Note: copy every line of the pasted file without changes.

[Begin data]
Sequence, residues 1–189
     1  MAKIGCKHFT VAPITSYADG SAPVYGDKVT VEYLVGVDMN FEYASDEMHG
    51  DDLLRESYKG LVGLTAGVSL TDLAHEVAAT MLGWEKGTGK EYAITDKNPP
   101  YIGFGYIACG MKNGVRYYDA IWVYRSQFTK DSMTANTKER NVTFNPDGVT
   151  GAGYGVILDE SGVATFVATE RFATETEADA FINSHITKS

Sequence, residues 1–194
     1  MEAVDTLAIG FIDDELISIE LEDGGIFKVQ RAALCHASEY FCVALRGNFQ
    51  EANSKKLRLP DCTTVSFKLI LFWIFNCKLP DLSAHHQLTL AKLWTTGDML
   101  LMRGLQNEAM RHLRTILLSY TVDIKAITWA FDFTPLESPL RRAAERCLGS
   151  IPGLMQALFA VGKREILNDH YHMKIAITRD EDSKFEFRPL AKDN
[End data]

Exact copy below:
Sequence, residues 1–189
     1  MAKIGCKHFT VAPITSYADG SAPVYGDKVT VEYLVGVDMN FEYASDEMHG
    51  DDLLRESYKG LVGLTAGVSL TDLAHEVAAT MLGWEKGTGK EYAITDKNPP
   101  YIGFGYIACG MKNGVRYYDA IWVYRSQFTK DSMTANTKER NVTFNPDGVT
   151  GAGYGVILDE SGVATFVATE RFATETEADA FINSHITKS

Sequence, residues 1–194
     1  MEAVDTLAIG FIDDELISIE LEDGGIFKVQ RAALCHASEY FCVALRGNFQ
    51  EANSKKLRLP DCTTVSFKLI LFWIFNCKLP DLSAHHQLTL AKLWTTGDML
   101  LMRGLQNEAM RHLRTILLSY TVDIKAITWA FDFTPLESPL RRAAERCLGS
   151  IPGLMQALFA VGKREILNDH YHMKIAITRD EDSKFEFRPL AKDN